A proposal is a written offer of products or services made by a vendor to a consumer. High-quality proposals can attract customers, boost sales, win big clients, and help you build your company’s identity. As a result, knowing how to write a proposal is critical if you want to expand your business.

A. What Is A Proposal?

Wallace and Van Fleet remind us in their book “Knowledge Into Action” that “a proposal is a form of persuasive writing; every element of every proposal should be structured and tailored to maximize its persuasive impact.”

You will hear many different proposals such as general proposals, business proposals, sales proposals, marketing proposals, ideas proposals, book proposals, and many more. However, in general they will be divided into 2 groups.

First group, a proposal is a document in business and technical writing that offers a solution to a problem or a course of action in response to a need.

Second group, a proposal, on the other hand, is a report in academic writing that identifies the subject of a forthcoming research project, outlines a research strategy, and provides a bibliography or preliminary list of references. This form is also known as a topic proposal.

The second type is often used for students, masters and PhD students. Therefore, in the framework of this article, we will guide you in detail on how to make the first type of proposal – proposal for businesses to convince and win deals with their customers.

how to write a proposal

What is a proposal and How to write a best proposal?

B. Winning Business Proposal Writing Guide

1. What is a business proposal?

A business proposal is designed to entice potential customers to buy what a company has to offer.

It’s a document, either digital or printed, that explains product or service features while taking the lead’s needs and desires into account. In other words, business proposals demonstrate how a company can assist a customer in resolving a specific problem.

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2. Types of business proposals

There are two types of business proposals: Unsolicited and solicited business proposals

  • Unsolicited Business Proposals: In order to gain a potential customer’s business, you approach them with a proposal even if they haven’t requested one.
  • Solicited Business Proposals: When a company has a problem that needs to be solved, it invites other companies to submit proposals outlining how they would solve it. That’s called a request for proposal (RFP). You will then perform a Solicited Business Proposal so that the client can decide whether or not to do business with your company.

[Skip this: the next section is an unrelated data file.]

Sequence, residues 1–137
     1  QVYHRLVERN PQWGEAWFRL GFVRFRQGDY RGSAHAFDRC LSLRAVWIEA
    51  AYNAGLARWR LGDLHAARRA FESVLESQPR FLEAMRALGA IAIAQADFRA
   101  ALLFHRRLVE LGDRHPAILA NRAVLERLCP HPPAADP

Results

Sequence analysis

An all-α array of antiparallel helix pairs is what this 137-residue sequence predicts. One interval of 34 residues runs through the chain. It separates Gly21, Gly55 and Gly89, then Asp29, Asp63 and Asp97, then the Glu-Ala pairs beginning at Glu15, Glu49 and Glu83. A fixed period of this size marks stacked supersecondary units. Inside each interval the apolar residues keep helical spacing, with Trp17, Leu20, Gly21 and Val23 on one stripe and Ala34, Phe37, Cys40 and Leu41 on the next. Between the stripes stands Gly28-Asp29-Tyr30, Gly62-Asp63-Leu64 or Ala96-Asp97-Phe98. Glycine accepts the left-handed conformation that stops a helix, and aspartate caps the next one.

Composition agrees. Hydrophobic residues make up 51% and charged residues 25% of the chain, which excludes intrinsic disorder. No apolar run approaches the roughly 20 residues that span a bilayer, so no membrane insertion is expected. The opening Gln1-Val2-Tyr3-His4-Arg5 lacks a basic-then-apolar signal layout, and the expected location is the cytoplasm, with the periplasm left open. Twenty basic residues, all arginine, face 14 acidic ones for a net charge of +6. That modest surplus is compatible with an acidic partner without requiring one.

Learn and distinguish different types of business proposals

Learn and distinguish different types of business proposals

3. When do companies submit proposals? 

Businesses develop and submit proposals in three ways: in response to formal RFPs, in response to an informal request, and in response to unsolicited proposals.

a) Formal RFPs (Formal Solicited Proposals)

For newcomers, the formal RFP process can be very overwhelming and intimidating. During this process, a company or organization issues an official Request for Proposal (RFP) inviting businesses to submit proposals for the opportunity.

This is to receive the grant in the case of grants or to win a contract for selling the products or services in the case of for-profit opportunities.

When responding to RFPs, there are usually several companies responding and strict submission and evaluation requirements. 

b) Informal request (Informal Solicited Proposals)

Informal proposals are generated when a company is not required to submit an RFP. These are frequently smaller projects (under $100,000) that are not necessarily competitive.

For example, you may be having a sales conversation with a potential client who requests that you send them a proposal for what you can do.

They may or may not be evaluating other companies at this point, and the requirements will be less stringent because it is not a full formal RFP process.

c) Unsolicited proposals

Unsolicited proposals are those that are sent without a request, such as a formal RFP or an informal request.

If your company has an idea or solution that may be of assistance to the potential client, you could send a proposal for your work along with a brief description of what you do.

4. How To Write A Proposal?

The act of creating a written pitch on a specific subject is known as proposal writing. A good proposal requires careful planning, an understanding of your audience, and creative writing to persuade the reader. 

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It is critical that you understand the company before writing your business proposal. If they’ve sent you an RFP, make sure you read it thoroughly so you understand exactly what they’re looking for.